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The NH Meals & Rooms Tax

Navigating New Hampshire's 8.5% Meals and Rooms Tax for Short-Term Rental Owners

If you're a short-term rental owner in New Hampshire, understanding the 8.5% Meals and Rooms Tax is crucial to ensure you're on the right side of the law and to make your hosting journey as smooth as possible. This tax, often referred to as the 'Rentals Tax,' applies to a range of accommodations, including hotels, motels, and, yes, short-term rentals like those you might list on Airbnb or Vrbo. Let's dive into the specifics of who needs to pay it and how it all works.

Who Needs to Pay It?

If you're renting out a property for short durations (less than 185 days at a time) in New Hampshire, you're likely on the hook for the Meals and Rooms Tax. This includes owners of vacation homes, condos, and any other type of residential property offered for short-term stays. Whether you're a full-time landlord or just renting out your place for a few weeks a year while you're away, you're required to collect this tax from your guests and remit it to the state.

How It Works

The tax rate is set at 8.5% of the rental amount you charge your guests. Here's the breakdown of how you should go about handling this tax:

  1. Registration: Before you start renting out your property, you need to register with the New Hampshire Department of Revenue Administration (DRA). This process will grant you a tax identification number, which you'll use when collecting and remitting taxes.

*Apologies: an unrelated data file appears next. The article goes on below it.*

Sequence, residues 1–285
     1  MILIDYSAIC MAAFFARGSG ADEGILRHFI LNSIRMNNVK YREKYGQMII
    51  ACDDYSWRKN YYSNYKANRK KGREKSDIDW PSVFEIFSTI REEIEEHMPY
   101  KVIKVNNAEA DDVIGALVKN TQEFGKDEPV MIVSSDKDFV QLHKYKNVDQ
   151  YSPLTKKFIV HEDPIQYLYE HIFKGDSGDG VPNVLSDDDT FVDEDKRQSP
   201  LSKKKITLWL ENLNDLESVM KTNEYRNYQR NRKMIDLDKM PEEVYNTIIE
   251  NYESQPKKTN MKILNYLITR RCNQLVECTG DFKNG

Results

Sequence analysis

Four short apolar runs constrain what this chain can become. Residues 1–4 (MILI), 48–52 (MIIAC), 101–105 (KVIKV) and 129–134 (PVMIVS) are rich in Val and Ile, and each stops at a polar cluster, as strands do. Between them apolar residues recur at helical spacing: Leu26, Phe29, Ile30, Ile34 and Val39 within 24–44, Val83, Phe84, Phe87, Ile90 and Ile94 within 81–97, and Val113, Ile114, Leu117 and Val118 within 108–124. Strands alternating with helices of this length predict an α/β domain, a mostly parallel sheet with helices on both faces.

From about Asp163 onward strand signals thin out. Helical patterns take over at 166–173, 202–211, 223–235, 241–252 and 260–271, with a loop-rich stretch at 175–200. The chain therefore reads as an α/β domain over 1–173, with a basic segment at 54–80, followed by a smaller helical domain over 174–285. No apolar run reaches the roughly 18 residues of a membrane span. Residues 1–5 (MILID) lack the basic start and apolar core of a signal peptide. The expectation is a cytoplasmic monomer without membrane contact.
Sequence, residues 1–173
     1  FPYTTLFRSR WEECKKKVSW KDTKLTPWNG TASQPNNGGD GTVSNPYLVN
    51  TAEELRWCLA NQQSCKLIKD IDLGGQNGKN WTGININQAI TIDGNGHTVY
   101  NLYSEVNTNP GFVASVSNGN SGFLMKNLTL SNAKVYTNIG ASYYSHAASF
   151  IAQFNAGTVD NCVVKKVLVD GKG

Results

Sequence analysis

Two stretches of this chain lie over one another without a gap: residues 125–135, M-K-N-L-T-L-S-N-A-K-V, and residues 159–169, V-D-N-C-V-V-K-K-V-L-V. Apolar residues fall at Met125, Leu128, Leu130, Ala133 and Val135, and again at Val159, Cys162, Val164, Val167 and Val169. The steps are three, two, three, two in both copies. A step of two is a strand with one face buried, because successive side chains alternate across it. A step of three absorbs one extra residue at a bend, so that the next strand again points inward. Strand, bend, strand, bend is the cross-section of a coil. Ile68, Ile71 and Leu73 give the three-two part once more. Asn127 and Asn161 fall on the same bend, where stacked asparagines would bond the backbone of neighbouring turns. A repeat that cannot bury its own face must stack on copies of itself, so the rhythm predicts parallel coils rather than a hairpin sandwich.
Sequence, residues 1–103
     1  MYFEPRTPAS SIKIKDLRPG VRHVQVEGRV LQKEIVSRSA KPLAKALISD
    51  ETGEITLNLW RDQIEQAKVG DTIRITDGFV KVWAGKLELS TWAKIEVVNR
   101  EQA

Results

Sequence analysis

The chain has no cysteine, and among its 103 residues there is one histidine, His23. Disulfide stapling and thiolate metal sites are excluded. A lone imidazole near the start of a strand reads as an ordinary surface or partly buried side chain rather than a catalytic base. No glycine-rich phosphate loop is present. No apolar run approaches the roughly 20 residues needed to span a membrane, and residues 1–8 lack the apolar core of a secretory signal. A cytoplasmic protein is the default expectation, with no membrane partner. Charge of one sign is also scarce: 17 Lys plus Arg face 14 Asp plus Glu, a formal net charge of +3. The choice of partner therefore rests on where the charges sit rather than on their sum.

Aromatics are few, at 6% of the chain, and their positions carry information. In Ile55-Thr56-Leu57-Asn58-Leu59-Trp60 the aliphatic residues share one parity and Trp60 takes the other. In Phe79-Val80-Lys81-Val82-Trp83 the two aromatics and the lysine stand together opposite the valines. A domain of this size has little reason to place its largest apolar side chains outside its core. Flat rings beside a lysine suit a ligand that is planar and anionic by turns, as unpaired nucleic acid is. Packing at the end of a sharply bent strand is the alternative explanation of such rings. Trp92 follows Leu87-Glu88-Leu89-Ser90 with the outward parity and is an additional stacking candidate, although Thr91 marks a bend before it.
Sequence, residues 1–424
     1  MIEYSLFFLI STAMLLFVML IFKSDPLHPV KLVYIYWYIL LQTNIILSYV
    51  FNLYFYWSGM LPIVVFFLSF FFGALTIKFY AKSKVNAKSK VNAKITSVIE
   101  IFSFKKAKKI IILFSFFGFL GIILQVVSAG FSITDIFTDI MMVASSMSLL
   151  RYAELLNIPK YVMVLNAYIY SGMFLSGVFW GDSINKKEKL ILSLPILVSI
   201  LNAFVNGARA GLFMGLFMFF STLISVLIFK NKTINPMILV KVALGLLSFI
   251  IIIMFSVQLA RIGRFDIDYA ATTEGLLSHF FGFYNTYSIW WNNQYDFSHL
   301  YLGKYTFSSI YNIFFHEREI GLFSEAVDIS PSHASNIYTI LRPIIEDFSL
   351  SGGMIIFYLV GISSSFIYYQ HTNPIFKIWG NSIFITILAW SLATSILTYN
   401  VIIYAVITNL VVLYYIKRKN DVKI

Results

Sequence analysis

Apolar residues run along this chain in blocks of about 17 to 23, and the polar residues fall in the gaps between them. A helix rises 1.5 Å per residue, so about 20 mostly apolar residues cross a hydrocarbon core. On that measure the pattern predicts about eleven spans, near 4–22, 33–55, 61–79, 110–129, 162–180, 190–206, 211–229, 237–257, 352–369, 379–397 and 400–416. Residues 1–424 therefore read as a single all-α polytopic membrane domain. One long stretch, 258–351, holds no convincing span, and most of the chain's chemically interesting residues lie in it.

2. Collecting the Tax: You must add the 8.5% tax to your guests' bills. It's a good practice to be transparent with your guests about this additional charge, so they know exactly what they're paying for.

  3. Filing and Payment: The Meals and Rooms Tax needs to be filed and paid monthly. You'll file a return with the DRA, detailing your rental income and the tax collected, and then remit the appropriate tax amount.

  4. Record Keeping: It's crucial to keep detailed records of your rental activity, including dates, amounts charged, tax collected, and tax payments made. These records should be kept for at least three years, as the DRA may request them if your account is audited.

Exemptions and Special Cases

There are a few scenarios where the Meals and Rooms Tax may not apply, such as long-term rentals (more than 185 days to the same occupant) or certain types of nonprofit or educational organizations. However, these exceptions are fairly specific, so it's wise to consult with a tax professional if you think you might qualify for an exemption.

Airbnb & VRBO

Airbnb & VRBO will collect the Meals and Rooms Tax on your behalf.  If you are ever audited by the state, you might need to show proof that you are renting on those platforms.  They do not have an individual license for each property, so all Airbnb taxes are collected and paid under once license.

Getting Caught Will Cost You

I have seen owners attempt to avoid the tax and get caught.  It is a costly mistake, so don't fool around with it.  Here is the webpage where you can get started and file your payments.

Send any questions that you have!

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